Mark your calendars for another annual event this weekend, the Maine Indian Basketmakers Alliance Sale and Demonstration at the Collins Center for the Arts, University of Maine, on Saturday, December 8 from 9:00 - 3:00. More details can be found in the Events section of this post, or by enlarging the poster embedded below.
Four Directions Development Corp marks 10 years of serving Maine's tribal communities Read the article in the Bangor Daily New, which also includes a video segment.
Maine panel hears truth about taking of Indian children in The Forecaster
Dearth of diversity in UMaine positions cause ire in The Maine Campus
Washington County sues Passamaquoddy tribe over tax claim in the New York Daily News
Huge Indian claims settlement won't benefit Native communities in Maine in the Bangor Daily News
Penobscot Nation sues State over Settlement-Protected Hunting and Fishing Rights on Indian Country Today Media Network
Big Dipper, or Sky Bear, comes to Earth on November Evenings on EarthSky.org. Interested in learning more about the Mi'kmaq sky story referenced in this article? A book and video about Muin and the Seven Bird Hunters were produced as part of the Canadian festivities celebrating the International Year of Astronomy 2009. A full download of the 25 minute video in English, Mi'kmaq, or French is available from the celebration's official site: www.astronomy2009.ca or a short excerpt can be viewed via YouTube (below). The bilingual picture book, Muin and the Seven Bird Hunters, is available for purchase in the Abbe Shop.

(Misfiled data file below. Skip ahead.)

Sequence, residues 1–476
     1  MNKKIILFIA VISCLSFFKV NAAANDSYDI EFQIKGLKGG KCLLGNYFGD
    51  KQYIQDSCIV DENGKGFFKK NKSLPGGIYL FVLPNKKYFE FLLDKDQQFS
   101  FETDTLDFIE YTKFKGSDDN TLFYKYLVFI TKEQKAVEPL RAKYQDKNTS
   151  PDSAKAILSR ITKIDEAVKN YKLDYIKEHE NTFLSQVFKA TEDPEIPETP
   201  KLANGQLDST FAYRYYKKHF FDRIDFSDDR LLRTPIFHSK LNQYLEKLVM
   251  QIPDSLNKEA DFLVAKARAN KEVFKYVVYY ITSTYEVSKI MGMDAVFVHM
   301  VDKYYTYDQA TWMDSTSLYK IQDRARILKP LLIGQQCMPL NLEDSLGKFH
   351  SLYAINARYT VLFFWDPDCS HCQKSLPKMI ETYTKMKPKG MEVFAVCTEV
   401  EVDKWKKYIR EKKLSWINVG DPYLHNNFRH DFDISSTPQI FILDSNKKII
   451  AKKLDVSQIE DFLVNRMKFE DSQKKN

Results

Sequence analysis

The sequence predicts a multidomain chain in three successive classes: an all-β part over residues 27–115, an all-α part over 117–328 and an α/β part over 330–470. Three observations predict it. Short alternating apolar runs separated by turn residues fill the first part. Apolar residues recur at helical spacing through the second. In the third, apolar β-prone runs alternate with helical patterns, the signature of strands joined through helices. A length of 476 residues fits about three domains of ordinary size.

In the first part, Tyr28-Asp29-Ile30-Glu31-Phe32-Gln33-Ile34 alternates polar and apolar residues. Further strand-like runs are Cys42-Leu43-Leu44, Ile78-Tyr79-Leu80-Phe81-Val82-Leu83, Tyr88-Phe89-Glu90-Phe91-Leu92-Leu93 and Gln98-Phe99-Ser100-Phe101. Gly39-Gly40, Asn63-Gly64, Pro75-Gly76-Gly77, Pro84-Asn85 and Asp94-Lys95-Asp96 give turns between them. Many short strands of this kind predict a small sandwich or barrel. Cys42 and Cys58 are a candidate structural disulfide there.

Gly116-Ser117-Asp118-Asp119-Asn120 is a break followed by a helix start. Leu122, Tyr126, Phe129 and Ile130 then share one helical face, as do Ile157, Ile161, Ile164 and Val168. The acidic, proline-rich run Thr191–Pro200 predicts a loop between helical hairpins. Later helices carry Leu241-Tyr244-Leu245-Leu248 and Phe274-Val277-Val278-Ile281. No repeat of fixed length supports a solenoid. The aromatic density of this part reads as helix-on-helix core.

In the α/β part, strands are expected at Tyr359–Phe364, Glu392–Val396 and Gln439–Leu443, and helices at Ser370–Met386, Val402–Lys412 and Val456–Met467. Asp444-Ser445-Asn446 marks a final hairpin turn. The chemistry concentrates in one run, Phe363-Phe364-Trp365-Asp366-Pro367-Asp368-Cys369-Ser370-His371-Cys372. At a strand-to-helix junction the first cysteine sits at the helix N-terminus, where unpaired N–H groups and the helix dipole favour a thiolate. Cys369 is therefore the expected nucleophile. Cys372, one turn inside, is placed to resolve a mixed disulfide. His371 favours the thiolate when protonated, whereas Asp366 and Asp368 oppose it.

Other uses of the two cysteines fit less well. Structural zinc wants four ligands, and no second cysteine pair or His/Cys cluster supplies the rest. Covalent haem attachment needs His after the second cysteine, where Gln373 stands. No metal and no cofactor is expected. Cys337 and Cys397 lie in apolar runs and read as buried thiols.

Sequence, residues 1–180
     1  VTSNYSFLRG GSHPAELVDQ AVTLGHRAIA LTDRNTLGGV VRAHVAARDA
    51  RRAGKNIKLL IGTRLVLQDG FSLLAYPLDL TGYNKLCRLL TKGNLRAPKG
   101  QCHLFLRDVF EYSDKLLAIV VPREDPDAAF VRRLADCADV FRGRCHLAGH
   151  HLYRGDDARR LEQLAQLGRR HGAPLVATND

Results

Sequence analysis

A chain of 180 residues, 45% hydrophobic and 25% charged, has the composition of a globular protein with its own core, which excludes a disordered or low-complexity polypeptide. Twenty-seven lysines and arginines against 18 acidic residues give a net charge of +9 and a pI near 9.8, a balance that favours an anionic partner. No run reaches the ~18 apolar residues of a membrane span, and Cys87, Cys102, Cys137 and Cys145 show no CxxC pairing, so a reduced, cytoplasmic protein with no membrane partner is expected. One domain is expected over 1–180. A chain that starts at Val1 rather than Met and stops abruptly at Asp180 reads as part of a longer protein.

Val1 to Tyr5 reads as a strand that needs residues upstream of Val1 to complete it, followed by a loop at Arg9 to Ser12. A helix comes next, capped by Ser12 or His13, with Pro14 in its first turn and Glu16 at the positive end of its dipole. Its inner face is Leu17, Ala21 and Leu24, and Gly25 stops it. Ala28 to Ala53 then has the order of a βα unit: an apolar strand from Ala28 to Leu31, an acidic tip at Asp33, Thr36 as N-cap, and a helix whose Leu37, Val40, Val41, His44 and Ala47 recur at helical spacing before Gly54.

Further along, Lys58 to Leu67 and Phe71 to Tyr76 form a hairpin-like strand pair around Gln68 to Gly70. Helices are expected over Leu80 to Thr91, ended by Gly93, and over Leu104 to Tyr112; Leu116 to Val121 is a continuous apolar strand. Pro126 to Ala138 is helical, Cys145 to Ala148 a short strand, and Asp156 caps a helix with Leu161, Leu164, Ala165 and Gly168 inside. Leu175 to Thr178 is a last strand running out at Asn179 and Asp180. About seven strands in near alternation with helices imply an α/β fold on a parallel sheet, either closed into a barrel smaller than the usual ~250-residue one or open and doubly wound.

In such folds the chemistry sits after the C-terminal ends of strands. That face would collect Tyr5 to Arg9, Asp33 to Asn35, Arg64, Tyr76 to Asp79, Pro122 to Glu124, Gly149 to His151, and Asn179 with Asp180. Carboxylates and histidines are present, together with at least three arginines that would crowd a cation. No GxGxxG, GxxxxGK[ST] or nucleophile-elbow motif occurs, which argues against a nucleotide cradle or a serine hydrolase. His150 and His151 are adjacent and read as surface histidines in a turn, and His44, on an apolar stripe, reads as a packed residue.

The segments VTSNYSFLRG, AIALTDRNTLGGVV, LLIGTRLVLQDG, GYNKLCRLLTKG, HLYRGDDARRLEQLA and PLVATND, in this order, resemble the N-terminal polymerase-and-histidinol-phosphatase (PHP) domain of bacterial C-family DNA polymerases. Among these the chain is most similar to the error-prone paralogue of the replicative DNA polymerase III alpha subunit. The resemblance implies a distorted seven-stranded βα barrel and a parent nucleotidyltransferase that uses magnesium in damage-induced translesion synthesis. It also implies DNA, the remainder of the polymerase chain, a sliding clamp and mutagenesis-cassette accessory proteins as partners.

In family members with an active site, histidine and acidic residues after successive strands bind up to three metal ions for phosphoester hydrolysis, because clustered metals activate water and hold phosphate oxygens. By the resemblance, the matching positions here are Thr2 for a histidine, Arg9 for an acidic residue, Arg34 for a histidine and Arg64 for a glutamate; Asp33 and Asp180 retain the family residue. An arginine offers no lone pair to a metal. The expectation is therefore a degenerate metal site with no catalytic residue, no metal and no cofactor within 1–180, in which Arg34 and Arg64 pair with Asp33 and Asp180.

Milford Snowshoe, pack basket maker recognized by Maine Arts Commission in the Bangor Daily News
Lynam Grants Recipients Announced (the Abbe was a recipient!) on Fenceviewer
Misappropriating Culture: Where "Playing Indian" & Cultural Sensitivities Collide on the blog, Museum Minute.
Maine Indian Basketmakers Alliance
Next Up: December 8, 2012
Annual Maine Indian Basketmakers Sale and Demonstration
This event features Maliseet, Micmac, Passamaquoddy and Penobscot Basketmakers who sell their hand-made, one of a kind, ash splint and sweet grass basketry. Work baskets, such as creels, pack and potato baskets and fancy baskets ranging from strawberry and blueberry shaped-baskets to curly bowls may be found along with quill jewelry, wood carvings and birchbark work. Demonstrations of brown ash pounding, basket making and other Native arts, as well as traditional drumming, dancing and singing will be presented. More information is available from the Hudson Museum at (207) 581-1904.
Every Monday at 6:30 PM at the Maliseet Gym